"How do you find time to blog as a rabbinic student?" people ask. One answer, of course, is that when I read something interesting for school, I blog about what I'm learning. Today I'm struck by some of the reading for my Hasidism class, a section from Norman Lamm's The Religious Thought
of Hasidism on avodah be-gashmiut,
"worship through corporeality" -- on which I had the pleasure of offering a brief teaching in class last night.
Avodah be-gashmiut is the teaching that we can serve God in and through the physical world, which brings the entire range of human activity into the domain of religious significance. Everything that occupies one's ordinary day becomes a way to (potentially) serve God.
For example, take eating. According to a mainstream traditional understanding, we sanctify eating by making brachot and by guarding our consumption according to kashrut. But Hasidism goes further: sanctifying the very act of eating itself. (Think back to Jay Michaelson's book God In Your Body, which I reviewed recently -- specifically, return to the chapter on sanctifying eating, which is excerpted online here. "Precisely because [eating] is a mundane, necessary act, it awaits and invites elevation," Jay writes. Bingo.)
Hasidism challenges us to engage the possibility of uninterrupted devekut (union with God.) Who among us can honestly say she is actively and mindfully connected with God in intimate union at all times? That kind of rapture can't be constantly maintained. (As my teacher Reb Shaya Isenberg often quips, while devekut is all good and well, one wouldn't want to be driving down the highway behind someone so immersed in devekut he forgot to think about his car!)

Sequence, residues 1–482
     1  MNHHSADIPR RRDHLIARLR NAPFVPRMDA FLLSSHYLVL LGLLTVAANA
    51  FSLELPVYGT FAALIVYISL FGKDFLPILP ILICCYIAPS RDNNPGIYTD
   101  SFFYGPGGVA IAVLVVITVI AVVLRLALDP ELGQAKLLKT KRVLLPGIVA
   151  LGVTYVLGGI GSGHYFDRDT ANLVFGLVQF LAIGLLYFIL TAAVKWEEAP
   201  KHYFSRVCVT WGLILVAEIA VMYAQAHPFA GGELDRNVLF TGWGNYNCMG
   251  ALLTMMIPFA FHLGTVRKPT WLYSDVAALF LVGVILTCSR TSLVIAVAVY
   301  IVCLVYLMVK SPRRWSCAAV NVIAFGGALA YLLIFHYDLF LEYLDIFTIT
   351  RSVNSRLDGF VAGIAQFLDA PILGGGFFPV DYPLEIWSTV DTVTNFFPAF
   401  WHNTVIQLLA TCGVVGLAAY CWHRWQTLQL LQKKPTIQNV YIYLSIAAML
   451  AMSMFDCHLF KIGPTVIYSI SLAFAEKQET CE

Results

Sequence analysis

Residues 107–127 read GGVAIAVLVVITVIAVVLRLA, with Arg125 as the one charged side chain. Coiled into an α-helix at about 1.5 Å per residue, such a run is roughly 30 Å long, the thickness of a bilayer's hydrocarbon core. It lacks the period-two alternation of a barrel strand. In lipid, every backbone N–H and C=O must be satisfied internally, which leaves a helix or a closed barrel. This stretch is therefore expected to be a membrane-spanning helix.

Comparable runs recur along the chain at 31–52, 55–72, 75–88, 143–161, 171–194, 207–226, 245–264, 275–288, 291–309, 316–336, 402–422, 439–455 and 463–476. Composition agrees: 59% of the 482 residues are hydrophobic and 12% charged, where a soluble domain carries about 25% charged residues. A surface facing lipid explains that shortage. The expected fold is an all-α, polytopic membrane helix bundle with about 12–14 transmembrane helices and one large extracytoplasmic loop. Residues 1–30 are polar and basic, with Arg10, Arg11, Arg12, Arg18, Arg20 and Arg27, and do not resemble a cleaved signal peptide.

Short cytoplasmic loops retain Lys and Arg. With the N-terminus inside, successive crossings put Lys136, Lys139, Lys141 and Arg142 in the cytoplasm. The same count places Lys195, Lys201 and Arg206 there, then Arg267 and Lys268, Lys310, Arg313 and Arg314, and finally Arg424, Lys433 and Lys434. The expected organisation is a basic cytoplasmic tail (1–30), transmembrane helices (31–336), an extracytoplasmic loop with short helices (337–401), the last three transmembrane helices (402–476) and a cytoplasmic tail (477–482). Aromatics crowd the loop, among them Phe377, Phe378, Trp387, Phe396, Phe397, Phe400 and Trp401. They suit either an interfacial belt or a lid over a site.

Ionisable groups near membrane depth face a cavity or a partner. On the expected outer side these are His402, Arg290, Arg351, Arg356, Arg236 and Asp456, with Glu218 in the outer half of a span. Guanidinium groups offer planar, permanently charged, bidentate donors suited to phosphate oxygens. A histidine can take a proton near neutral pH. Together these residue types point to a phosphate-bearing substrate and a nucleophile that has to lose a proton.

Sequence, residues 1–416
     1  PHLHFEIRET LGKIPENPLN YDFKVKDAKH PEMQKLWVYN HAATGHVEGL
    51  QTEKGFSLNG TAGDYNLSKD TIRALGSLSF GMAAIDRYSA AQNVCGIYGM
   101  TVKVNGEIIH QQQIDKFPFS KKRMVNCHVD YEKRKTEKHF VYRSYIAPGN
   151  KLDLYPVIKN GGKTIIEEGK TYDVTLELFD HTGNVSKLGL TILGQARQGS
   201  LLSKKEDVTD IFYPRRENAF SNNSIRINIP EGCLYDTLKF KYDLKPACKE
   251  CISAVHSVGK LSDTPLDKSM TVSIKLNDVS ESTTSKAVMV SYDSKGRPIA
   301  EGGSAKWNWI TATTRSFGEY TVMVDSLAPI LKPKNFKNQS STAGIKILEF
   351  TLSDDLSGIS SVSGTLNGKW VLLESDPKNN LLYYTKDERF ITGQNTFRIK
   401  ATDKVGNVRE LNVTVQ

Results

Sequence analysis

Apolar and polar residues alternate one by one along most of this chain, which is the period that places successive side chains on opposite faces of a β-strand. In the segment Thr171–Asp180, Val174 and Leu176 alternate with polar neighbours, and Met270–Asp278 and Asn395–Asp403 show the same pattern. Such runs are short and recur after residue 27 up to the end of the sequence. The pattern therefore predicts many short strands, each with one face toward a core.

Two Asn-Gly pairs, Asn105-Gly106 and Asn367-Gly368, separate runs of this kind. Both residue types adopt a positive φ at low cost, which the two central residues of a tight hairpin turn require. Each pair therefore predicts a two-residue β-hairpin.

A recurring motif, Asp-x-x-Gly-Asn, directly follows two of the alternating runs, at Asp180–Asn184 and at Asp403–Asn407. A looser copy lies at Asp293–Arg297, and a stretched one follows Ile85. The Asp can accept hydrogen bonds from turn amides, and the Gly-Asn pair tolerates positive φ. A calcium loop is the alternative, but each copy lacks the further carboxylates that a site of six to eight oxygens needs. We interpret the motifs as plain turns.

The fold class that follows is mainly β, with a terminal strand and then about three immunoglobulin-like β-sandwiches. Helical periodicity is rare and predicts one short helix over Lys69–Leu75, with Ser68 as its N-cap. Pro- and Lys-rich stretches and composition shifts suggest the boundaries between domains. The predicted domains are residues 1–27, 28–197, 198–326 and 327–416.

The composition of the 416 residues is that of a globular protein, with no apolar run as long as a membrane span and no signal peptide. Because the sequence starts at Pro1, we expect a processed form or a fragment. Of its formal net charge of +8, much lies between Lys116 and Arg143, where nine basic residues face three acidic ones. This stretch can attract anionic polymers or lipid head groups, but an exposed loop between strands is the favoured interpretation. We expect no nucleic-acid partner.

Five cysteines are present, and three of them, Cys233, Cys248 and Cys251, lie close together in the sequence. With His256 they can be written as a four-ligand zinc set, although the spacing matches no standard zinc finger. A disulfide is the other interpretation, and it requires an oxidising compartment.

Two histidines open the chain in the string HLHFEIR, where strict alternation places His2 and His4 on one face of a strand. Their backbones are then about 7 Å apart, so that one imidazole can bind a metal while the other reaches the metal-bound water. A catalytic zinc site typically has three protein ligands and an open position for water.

But here mundanity itself becomes the vehicle for connecting with God. Devekut doesn't require abandoning the ordinary world. Instead we're meant to approach all things consciously, intending to release the sparks of divinity that vitalize all that exists, thereby revealing the immanence of God in creation.
Of avodah be-gashmiut, Rabbi Michael Strassfeld writes, "rather than spirituality being about the withdrawal from the world or withdrawal from other people, really it is in the everyday. It's in the ordinary moments, not the extraordinary moments, that the spirit is engaged, that the spirit is elevated, that in fact, we can strive to practice and to be who we want to be."
One of the teachings that Lamm excerpts in this chapter is a passage from Likkutei Amarim (a.k.a. Tanya) by R' Schneur Zalman of Liady (here in translation, with commentary.) The passage I'm focusing on is called "Two kinds of self-indulgence." This is admittedly a little esoteric, but I think it's intriguing, so bear with me.